US sanctions four over ‘malicious cyber activity’ for Iran’s military

US sanctions four over ‘malicious cyber activity’ for Iran’s military
The US ramped up its sanctions against Iran on Tuesday, designating four people and two companies it says were "involved in malicious cyber activity" on behalf of the country's military. (Reuters/File)
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Updated 23 April 2024
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US sanctions four over ‘malicious cyber activity’ for Iran’s military

US sanctions four over ‘malicious cyber activity’ for Iran’s military
  • The individuals and companies were working “on behalf of” Iran’s Islamic Revolutionary Guard Corps Cyber Electronic Command (IRGC-CEC), the Treasury said
  • Tuesday’s sanctions are the latest to be levied against Tehran by the United States

WASHINGTON: The US ramped up its sanctions against Iran on Tuesday, designating four people and two companies it says were “involved in malicious cyber activity” on behalf of the country’s military.
“These actors targeted more than a dozen US companies and government entities through cyber operations, including spear phishing and malware attacks,” the US Treasury Department said in a statement.
The individuals and companies were working “on behalf of” Iran’s Islamic Revolutionary Guard Corps Cyber Electronic Command (IRGC-CEC), the Treasury said.
“Iranian malicious cyber actors continue to target US companies and government entities in a coordinated, multi-pronged campaign intended to destabilize our critical infrastructure and cause harm to our citizens,” the Treasury’s undersecretary for terrorism and financial intelligence Brian Nelson said in a statement.
“The United States will continue to leverage our whole-of-government approach to expose and disrupt these networks’ operations,” he added.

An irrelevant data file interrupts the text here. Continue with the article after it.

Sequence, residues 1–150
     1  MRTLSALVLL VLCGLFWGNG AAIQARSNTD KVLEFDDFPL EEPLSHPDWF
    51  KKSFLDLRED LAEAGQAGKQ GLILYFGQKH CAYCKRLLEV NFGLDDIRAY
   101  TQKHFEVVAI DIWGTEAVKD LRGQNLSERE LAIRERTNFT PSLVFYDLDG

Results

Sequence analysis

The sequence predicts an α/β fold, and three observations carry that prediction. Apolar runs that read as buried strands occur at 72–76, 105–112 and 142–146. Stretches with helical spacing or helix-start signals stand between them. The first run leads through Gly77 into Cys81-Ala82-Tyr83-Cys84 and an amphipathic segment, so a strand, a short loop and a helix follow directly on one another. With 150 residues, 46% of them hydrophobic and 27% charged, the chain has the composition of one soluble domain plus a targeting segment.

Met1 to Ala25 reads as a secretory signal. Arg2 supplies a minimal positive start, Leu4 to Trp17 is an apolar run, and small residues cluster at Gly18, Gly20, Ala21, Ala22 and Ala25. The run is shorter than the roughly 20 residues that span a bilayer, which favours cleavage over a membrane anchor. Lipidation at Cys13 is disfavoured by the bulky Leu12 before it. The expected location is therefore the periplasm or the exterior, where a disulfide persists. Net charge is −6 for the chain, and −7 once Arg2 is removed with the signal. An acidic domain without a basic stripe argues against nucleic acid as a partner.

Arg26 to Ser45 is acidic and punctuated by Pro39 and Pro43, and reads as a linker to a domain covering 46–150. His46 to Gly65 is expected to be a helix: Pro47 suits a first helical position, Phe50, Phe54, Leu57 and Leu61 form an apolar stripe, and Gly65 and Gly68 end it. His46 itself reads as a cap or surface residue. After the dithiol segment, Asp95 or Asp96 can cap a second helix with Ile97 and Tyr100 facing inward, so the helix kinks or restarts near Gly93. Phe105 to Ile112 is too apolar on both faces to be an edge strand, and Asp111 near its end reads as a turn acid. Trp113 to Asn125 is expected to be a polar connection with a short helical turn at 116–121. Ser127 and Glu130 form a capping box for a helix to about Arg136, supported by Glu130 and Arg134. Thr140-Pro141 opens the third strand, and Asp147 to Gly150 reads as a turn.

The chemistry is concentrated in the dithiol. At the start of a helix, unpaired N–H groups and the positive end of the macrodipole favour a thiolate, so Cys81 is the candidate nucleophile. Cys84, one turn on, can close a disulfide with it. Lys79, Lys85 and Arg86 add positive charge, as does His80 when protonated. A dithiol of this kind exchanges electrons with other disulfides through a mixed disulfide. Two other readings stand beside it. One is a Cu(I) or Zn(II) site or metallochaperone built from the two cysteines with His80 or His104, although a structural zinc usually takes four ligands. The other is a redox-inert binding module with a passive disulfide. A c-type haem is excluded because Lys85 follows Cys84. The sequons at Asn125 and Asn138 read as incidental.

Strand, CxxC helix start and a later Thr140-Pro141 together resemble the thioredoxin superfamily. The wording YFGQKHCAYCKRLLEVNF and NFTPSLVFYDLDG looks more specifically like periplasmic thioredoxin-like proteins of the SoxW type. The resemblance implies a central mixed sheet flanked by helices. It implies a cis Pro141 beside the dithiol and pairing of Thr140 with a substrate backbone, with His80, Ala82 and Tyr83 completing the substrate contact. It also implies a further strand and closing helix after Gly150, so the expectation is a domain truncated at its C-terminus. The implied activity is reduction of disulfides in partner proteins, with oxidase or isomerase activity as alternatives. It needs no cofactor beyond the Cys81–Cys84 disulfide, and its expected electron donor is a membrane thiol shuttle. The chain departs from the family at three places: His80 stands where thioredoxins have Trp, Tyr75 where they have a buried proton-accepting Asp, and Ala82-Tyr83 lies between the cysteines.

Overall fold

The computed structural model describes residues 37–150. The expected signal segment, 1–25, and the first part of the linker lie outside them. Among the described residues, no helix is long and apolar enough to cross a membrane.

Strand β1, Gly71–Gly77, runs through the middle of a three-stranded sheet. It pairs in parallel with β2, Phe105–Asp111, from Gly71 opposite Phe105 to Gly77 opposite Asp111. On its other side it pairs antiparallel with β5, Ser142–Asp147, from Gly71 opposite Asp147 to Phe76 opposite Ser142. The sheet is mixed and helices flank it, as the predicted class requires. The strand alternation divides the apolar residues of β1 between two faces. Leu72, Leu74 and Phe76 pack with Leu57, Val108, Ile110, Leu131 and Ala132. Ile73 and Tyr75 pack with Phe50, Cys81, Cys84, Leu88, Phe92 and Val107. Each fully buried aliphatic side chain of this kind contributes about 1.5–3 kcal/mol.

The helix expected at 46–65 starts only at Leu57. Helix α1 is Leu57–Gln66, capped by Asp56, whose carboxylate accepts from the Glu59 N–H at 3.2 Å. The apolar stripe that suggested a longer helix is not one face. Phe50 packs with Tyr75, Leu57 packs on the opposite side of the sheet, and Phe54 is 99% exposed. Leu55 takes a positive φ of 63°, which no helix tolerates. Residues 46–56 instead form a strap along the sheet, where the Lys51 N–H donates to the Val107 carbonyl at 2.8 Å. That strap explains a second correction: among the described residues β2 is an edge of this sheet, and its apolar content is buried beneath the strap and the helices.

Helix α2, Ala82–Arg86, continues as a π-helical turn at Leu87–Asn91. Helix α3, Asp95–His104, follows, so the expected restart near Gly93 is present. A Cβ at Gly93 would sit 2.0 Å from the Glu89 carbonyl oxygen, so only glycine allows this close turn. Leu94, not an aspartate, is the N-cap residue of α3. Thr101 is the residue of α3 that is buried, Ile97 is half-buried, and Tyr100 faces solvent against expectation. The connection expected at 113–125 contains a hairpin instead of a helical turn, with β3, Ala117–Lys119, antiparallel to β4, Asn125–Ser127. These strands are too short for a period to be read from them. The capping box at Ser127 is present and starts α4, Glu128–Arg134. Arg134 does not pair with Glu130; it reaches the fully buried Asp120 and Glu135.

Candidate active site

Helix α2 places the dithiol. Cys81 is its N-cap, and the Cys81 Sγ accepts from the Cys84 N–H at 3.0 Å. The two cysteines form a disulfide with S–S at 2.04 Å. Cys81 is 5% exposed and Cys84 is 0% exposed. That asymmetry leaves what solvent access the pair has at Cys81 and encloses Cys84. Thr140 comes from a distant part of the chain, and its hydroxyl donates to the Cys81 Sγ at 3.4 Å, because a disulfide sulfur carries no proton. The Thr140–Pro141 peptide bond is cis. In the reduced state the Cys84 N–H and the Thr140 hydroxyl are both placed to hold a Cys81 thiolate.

Tuesday’s sanctions are the latest to be levied against Tehran by the United States and its allies for supporting anti-Israel proxies in the Middle East and for providing military support for Russia’s war in Ukraine.
Last week, the US and Britain announced widespread sanctions against Iran’s military drone program in response to Tehran’s large-scale attack against Israel earlier this month.
That attack came in response to an April 1 air strike on the Iranian consulate in Damascus — widely blamed on Israel — that killed seven members of the Islamic Revolutionary Guard Corps, including two generals.
A day after those sanctions were unveiled, the US fined a Thailand-based firm $20 million for more than 450 possible Iran sanctions violations.
They included processing close to $300 million in wire transfers for a company jointly owned by the National Petroleum Company of Iran.
Alongside the Tuesday’s sanctions, the US Department of Justice and the Federal Bureau of Investigation (FBI) have also indicted the four individuals in question, “for their roles in cyber activity targeting US entities,” the Treasury Department said.


Egypt condemns terrorist bombing in Mogadishu as death toll rises to 9

Egypt condemns terrorist bombing in Mogadishu as death toll rises to 9
Updated 7 sec ago
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Egypt condemns terrorist bombing in Mogadishu as death toll rises to 9

Egypt condemns terrorist bombing in Mogadishu as death toll rises to 9

CAIRO: Egypt on Monday condemned the terrorist bombing that targeted a cafe in Somalia’s capital Mogadishu late on Sunday. 

Egypt expressed its full solidarity and support for Somalia’s efforts to confront all forms of extremism and terrorism, according to a statement issued by the Ministry of Foreign Affairs, Emigration, and Egyptian Expatriates.

The death toll from the car bombing at the cafe that was packed with football fans watching the Euro 2024 final has risen to nine, security sources in Somalia said on Monday.

Egypt expressed its sincere condolences to the government and people of Somalia and the families of the victims, wishing a speedy recovery for the injured.

The popular Top Coffee restaurant, which is located near the presidential palace in the center of Mogadishu, was thronged with young men watching the final.